Berlin-based architects Behles and Jochimsen combined two Stalin-era rooms into a contemporary apartment. Their client, a musician who spends most of her time on the road, was looking for a hotel-like hideaway. Breaking-up the small communist-style rooms in favour of a more spacious open layout, Behles and Jochimsen developed a new concept conducive to her lifestyle.

Two detached rooms and a repurposed lobby between them were combined into a single apartment. For both client and architects, a starkly minimalist central cabinet was the best solution to span the enfiladed space. In addition, the cabinet was installed to divide a kitchen and bathroom. With every cubic centimetre considered, sinks, countertops, media equipment, lighting and extensive storage were included within its flaps, doors and pull out shelves. The cabinet facilitates most household tasks from a central point. The two opposite rooms were left relatively empty, maintaining their original functionalist charm. One is used as a bedroom while the other serves as a dining/ living room.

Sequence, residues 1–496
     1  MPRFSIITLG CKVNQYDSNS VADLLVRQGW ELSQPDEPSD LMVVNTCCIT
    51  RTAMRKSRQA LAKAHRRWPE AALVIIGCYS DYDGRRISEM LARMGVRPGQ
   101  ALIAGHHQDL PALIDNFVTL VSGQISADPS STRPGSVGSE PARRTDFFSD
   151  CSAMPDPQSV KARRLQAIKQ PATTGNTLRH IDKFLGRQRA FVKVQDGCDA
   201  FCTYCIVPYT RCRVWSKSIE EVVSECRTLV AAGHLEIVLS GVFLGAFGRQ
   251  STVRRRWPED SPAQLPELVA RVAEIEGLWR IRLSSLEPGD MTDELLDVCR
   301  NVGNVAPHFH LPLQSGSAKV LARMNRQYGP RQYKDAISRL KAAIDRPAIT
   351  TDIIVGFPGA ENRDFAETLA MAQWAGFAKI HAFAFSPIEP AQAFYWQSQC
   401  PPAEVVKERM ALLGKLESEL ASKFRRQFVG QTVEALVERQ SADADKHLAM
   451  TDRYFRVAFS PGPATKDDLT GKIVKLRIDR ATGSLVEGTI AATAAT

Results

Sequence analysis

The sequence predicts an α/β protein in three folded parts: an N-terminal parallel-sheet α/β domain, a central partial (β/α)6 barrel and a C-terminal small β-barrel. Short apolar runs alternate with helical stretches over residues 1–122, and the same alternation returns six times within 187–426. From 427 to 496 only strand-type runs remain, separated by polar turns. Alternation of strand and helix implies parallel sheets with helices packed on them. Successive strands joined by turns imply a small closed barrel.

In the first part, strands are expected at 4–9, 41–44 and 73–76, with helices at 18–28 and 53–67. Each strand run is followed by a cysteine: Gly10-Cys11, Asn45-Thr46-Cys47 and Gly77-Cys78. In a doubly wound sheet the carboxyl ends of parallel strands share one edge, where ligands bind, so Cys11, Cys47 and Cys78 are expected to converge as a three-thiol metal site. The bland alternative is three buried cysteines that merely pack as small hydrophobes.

With 50 square meters used efficiently, rooms can temporarily be separated with seamlessly incorporated doors. Depending on how the cabinet is being used, its gloss pink lacquered shape floats within these rooms’ white walls and oak parquet. The apartment is adaptable, different guests stay over while the owner is away, but also provides a home each time she returns.  

Photos Marcus Bredt and Katja Schulze